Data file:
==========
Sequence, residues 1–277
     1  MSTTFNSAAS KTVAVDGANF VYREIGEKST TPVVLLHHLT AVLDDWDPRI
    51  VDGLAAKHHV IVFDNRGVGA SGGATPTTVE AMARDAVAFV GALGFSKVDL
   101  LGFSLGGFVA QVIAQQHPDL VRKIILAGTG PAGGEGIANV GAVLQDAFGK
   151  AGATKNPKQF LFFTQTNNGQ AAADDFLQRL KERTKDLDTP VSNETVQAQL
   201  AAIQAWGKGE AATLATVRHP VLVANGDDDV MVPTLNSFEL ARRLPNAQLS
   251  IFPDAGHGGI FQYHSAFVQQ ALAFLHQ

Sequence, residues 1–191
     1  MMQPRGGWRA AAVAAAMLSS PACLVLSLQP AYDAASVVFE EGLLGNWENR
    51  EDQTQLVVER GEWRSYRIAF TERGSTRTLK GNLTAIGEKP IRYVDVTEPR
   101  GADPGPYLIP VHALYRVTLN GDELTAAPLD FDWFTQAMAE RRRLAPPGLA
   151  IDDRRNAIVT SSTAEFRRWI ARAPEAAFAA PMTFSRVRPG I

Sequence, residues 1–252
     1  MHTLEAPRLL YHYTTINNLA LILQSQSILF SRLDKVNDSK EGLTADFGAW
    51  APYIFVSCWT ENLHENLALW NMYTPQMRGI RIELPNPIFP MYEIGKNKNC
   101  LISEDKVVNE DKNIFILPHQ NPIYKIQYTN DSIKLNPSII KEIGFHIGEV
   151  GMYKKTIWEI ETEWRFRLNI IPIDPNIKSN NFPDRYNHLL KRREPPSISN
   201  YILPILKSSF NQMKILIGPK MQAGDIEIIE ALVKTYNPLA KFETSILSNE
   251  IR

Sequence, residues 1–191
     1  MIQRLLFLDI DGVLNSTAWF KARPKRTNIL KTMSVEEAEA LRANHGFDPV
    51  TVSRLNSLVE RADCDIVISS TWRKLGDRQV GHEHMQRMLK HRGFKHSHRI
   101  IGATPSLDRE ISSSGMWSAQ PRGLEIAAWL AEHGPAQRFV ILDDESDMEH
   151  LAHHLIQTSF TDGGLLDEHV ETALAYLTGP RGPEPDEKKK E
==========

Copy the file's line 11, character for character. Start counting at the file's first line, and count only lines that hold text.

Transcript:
   101  GADPGPYLIP VHALYRVTLN GDELTAAPLD FDWFTQAMAE RRRLAPPGLA